Wheat prices are currently trading at multi-year highs across the board, but it’s not just because of dry planting conditions in the U.S. Plains. Shrinking exportable wheat stocks around the world and dry soils in Europe and Russia are all contributing to the upward swing in wheat prices despite record large ending stocks in 2021.

Food hoarding has breathed new life into the demand side of the economic equation in the wheat complex. Ending world stocks have risen 3.7% since 2020/21 projections were first outlined in the May 2020 WASDE report, to a record 11.8 billion bushels on increased stockpiling. China alone is expected to own over 51% of ending wheat stocks in 2020/21, rising 2% since May 2020 forecasts.

With Russian acreage facing as much as a 15% potential decline in planted acreage, there is little room in the growing schedule for any further weather stress for the global wheat crop. Speculative interest has increased dramatically in the wheat sector in recent months as traders seek hedges against inflation. As Chicago prices flirt with six-year highs and Kansas City and Minneapolis futures match late 2018 prices, wheat prices are leaving little room in fundamentals for downward price potential.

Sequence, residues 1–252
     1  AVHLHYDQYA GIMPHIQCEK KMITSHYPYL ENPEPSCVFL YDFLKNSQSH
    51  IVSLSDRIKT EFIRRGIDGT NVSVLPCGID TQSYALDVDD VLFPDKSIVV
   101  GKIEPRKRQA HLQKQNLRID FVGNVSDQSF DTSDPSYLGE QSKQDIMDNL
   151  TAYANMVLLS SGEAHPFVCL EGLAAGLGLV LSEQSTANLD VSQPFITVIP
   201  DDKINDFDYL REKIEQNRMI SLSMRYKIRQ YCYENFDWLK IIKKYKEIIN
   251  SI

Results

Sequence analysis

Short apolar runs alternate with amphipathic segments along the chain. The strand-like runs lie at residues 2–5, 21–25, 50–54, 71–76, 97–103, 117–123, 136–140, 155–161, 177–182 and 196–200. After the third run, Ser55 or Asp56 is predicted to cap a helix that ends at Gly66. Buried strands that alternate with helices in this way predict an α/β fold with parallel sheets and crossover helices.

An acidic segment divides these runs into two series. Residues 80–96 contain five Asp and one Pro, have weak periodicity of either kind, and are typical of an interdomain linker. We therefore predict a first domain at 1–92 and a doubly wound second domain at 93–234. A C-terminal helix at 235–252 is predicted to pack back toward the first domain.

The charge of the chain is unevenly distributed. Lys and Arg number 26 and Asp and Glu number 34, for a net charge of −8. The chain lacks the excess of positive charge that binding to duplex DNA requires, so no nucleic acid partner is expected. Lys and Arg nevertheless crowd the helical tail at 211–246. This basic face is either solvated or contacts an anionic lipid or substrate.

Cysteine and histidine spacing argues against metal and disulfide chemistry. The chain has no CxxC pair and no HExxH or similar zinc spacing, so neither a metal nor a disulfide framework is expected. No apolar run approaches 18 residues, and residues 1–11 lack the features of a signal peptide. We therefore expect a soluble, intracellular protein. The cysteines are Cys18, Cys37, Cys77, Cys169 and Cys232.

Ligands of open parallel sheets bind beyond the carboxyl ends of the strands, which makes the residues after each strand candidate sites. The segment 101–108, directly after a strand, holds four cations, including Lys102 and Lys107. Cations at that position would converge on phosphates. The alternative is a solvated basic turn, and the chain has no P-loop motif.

Weather

More snow and rain is on the way in the Northern Plains and Midwest, according to NOAA’s short-range forecasts. Up to 2 inches of accumulation is likely in Wisconsin today, where harvest remains at a standstill as farmers wait for clear skies to resume combining.

Financials

Coronavirus cases in the U.S. rose by 63,347 to 8,338,413 cases as of this morning according to the Johns Hopkins Coronavirus Resource Center. The death toll increased by 1,137 lives from yesterday to 222,220 deaths as of press time.

“What keeps you up at night?” This was a question we posed to readers in our August 2020 survey and found that producers had a lot to say about this matter. Executive Editor Mike Wilson digs into the responses in his latest This Business of Farming column, which range from worrisome to analytical to hysterically funny. My analysis found farmers to be most concerned about debt loads, grain prices, and health issues. But I also found a concerning number of farmers who were unable to sleep due to the neighbor’s dog barking…

U.S. stock futures slipped lower this morning on concerns that a vote would not be reached on a potential stimulus package in Congress until after the November 3 presidential election. Treasury Secretary Steve Mnuchin and House Speaker Nancy Pelosi are expected to resume negotiations on a bill today. S&P 500 futures edged 0.20% lower to $3,425.75 as traders grow increasingly skeptical of a timely resolution.

Hide comments
account-default-image

Comments

  • Allowed HTML tags: <em> <strong> <blockquote> <br> <p>

Plain text

  • No HTML tags allowed.
  • Web page addresses and e-mail addresses turn into links automatically.
  • Lines and paragraphs break automatically.
Publish